Hold one or two pearls between your thumb and forefinger and gently push them against the cutting edge of your front teeth. Rub them along your teeth in a sideways motion. A real pearl usually has a slightly rough or grainy texture caused by tiny, flaky blemishes in the outer layers of the pearl. Imitation pearls of glass or plastic are usually almost perfectly smooth.

Sea pearls grow in oysters, freshwater pearls grow in large mussels, above is an example of freshwater pearls, read more in our blog about pearl cultivation.

7: Rub the pearls together:

Hold a few pearls between your fingers and gently rub them together. See if you feel a slight friction. Rubbing real pearls together will usually create some friction because the outer layers of the mother-of-pearl are not perfectly smooth. Imitation pearls, on the other hand, often have a smooth finish and will therefore slide past each other when you rub them together.

Proud Pearls new collection Essentials New Classics

In the photo an example of the beautiful round AAA quality pearls that we use in our collections.

8: Check if the pearls are not “too perfectly” round:

Since pearls are natural products, every real pearl is slightly different, just like snowflakes or fingerprints. Most pearls will not be perfectly round, they are usually a bit oval or have minor flaws. If your pearls look perfectly round, chances are they are imitation pearls. However, real pearls can be perfectly round, these pearls are very rare and therefore very expensive. Perfectly round pearls are referred to as AAA pearls, we also use them in our collections, but these pieces are a lot more expensive than jewellery with baroque pearls.

9: See if the pearls feel cool:

For this test, you will need some pearls that you have left somewhere for a long time – not pearls that you have worn. Hold the pearls in your hand and pay close attention to how they feel. Real pearls will feel remarkably cool for a few seconds before heating up. It feels similar to stepping on a marble floor with bare feet. Plastic pearls, on the other hand, will be about room temperature and will also heat up faster. Please note, good quality glass imitation pearls can still feel “cool”. If this is the first test you’ve tried, run more tests to see if your results are correct.

10: See how heavy the pearl feels in your hand:

Gently bounce one or two pearls into your hand to get an idea of ​​how heavy they are. Most real pearls feel a little too heavy for their size. However, imitation pearls (especially plastic ones) will feel light and hollow. Obviously, this test is not perfect, it can be difficult to determine the weight of a few small pearls. For the best result, it is best to compare your pearls with pearls that you are sure are real or fake. Always check the results by running another test, no matter how confident you are of the weight of a pearl.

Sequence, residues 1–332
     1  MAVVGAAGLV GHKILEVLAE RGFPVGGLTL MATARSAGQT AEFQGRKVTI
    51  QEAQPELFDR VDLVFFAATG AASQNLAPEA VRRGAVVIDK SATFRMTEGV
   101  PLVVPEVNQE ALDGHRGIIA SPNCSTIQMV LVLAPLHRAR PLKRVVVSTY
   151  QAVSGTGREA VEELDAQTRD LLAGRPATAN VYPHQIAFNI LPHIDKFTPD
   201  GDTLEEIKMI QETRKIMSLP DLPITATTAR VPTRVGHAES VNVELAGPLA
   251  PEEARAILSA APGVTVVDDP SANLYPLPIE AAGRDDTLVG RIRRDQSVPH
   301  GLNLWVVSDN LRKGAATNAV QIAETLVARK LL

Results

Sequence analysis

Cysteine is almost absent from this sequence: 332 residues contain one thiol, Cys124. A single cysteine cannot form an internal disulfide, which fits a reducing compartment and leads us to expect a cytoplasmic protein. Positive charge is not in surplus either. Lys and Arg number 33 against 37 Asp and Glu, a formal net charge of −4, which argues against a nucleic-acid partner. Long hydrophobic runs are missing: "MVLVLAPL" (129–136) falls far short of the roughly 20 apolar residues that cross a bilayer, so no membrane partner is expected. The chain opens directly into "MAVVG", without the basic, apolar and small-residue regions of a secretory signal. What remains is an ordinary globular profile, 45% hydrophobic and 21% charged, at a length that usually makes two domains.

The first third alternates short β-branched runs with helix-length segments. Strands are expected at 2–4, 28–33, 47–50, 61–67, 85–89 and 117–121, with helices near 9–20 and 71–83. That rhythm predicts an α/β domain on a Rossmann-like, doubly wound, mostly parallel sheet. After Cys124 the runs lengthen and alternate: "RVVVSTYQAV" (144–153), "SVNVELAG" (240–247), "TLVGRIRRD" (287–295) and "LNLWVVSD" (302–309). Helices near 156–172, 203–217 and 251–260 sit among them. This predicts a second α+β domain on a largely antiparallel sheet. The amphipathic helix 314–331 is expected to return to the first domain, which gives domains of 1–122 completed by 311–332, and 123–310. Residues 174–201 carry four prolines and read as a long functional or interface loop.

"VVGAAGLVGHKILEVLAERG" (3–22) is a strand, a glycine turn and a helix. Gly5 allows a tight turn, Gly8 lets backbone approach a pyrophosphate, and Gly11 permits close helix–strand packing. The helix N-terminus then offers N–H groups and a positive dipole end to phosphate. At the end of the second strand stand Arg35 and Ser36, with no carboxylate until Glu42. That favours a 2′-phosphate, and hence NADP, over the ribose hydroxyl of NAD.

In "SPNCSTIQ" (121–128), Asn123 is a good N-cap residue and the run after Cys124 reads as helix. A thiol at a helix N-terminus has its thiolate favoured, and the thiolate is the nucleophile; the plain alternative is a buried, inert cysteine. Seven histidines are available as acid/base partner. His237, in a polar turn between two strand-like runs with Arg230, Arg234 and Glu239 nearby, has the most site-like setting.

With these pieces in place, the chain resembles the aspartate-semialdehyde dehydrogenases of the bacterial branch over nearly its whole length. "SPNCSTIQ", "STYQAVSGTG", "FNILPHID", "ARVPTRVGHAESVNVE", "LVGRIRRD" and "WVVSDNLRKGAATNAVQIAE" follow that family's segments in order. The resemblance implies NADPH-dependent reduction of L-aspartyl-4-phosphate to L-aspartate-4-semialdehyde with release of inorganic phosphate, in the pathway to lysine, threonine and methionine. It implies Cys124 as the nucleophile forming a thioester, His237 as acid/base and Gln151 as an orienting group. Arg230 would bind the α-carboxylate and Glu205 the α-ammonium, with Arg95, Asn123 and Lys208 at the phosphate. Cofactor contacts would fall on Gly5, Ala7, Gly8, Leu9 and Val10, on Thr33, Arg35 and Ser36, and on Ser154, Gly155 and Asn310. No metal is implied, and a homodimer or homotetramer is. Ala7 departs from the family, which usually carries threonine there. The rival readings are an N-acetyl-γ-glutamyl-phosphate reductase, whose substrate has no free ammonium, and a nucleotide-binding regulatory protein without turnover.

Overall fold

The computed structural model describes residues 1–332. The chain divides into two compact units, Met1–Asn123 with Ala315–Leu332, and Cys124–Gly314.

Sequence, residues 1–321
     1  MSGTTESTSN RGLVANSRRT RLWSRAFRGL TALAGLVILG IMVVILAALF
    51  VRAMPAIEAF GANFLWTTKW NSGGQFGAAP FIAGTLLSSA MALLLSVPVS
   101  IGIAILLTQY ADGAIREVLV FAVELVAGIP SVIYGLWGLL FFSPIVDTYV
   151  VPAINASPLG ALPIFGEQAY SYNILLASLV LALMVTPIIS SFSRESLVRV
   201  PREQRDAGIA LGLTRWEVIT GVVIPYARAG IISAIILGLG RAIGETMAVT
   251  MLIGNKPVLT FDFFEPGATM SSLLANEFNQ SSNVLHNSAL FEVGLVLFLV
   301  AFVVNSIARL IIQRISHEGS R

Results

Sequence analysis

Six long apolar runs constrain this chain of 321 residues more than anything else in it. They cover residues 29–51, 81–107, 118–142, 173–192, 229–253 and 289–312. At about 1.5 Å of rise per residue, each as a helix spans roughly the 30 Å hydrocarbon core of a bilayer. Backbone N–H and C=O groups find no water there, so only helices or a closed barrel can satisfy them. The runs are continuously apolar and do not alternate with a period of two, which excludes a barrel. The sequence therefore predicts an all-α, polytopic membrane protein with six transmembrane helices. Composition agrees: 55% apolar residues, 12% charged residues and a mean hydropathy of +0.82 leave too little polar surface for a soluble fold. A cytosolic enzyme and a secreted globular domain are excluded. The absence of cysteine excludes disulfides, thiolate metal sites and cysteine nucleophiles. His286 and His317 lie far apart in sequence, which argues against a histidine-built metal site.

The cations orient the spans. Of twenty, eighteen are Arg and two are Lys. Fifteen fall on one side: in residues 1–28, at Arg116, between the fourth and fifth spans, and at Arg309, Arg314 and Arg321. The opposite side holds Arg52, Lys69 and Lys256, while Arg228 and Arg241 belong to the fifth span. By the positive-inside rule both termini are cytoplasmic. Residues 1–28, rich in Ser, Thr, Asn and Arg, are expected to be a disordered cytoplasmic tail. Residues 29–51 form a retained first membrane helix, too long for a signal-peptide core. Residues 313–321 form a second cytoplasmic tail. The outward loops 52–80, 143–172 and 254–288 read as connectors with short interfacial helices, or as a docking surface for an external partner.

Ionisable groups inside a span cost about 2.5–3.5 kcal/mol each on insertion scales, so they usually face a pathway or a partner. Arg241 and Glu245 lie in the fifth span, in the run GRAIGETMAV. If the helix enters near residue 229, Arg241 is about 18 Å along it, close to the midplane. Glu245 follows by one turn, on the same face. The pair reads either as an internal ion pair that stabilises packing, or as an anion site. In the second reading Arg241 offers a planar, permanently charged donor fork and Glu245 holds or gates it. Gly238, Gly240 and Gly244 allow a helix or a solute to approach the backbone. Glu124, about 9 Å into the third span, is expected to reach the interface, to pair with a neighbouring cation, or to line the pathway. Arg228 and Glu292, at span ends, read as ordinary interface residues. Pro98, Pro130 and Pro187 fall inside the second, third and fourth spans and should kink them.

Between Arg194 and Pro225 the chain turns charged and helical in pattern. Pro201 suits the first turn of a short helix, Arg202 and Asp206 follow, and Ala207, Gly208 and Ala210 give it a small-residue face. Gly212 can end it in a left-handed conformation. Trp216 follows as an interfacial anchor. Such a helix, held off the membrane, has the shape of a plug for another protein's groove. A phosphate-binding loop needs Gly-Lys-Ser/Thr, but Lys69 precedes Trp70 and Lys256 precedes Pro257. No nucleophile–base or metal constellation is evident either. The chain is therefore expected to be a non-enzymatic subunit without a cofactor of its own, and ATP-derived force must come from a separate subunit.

Fake pearls production: glass beads are dipped in a “mother-of-pearl” solution.

Majorica pearls and other fake pearls

Running in a completely different direction, Majorica pearls, sold in red boxes, are artificially made pearls in a factory. These pearls are made of glass balls that are immersed in a solution made of, among other things, fish scales. The layer on the glass is usually thin and can wear off over time. On the island of Mallorca, many of these pearls are falsely sold as real pearls. These tend to be targeted towards tourists. In addition to factory pearls made from fish scales, there are also shell pearls, which are made by sawing blocks from thick shells and grinding and polishing them. You can recognise a cord with shell pearls because all pearls have the same shape and are perfectly round. There are also plastic pearls and glass pearls on the market, of course, these have nothing to do with natural or cultured pearls.

We give a 100% guarantee that all of the pearls in our collections are real, if you have any doubts about the authenticity of other pearls that you have in your possession, you can always have them tested by us.

Proud Pearls new collection Essentials New Classics
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Proud Pearls Boho collection meet the maker
Proud Pearls meet the maker